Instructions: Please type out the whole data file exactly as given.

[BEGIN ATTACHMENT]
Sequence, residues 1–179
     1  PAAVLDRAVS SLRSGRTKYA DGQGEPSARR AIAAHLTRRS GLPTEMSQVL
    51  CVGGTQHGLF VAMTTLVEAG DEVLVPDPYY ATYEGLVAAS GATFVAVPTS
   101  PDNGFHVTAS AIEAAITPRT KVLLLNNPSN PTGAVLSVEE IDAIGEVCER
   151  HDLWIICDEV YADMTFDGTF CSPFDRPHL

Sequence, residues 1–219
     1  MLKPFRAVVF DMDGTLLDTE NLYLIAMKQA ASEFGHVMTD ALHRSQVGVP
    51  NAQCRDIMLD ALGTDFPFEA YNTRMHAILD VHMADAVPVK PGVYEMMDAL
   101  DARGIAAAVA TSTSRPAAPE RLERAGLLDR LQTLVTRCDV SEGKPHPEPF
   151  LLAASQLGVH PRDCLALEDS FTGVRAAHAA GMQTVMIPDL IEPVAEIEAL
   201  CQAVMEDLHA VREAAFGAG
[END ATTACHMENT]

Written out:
Sequence, residues 1–179
     1  PAAVLDRAVS SLRSGRTKYA DGQGEPSARR AIAAHLTRRS GLPTEMSQVL
    51  CVGGTQHGLF VAMTTLVEAG DEVLVPDPYY ATYEGLVAAS GATFVAVPTS
   101  PDNGFHVTAS AIEAAITPRT KVLLLNNPSN PTGAVLSVEE IDAIGEVCER
   151  HDLWIICDEV YADMTFDGTF CSPFDRPHL

Sequence, residues 1–219
     1  MLKPFRAVVF DMDGTLLDTE NLYLIAMKQA ASEFGHVMTD ALHRSQVGVP
    51  NAQCRDIMLD ALGTDFPFEA YNTRMHAILD VHMADAVPVK PGVYEMMDAL
   101  DARGIAAAVA TSTSRPAAPE RLERAGLLDR LQTLVTRCDV SEGKPHPEPF
   151  LLAASQLGVH PRDCLALEDS FTGVRAAHAA GMQTVMIPDL IEPVAEIEAL
   201  CQAVMEDLHA VREAAFGAG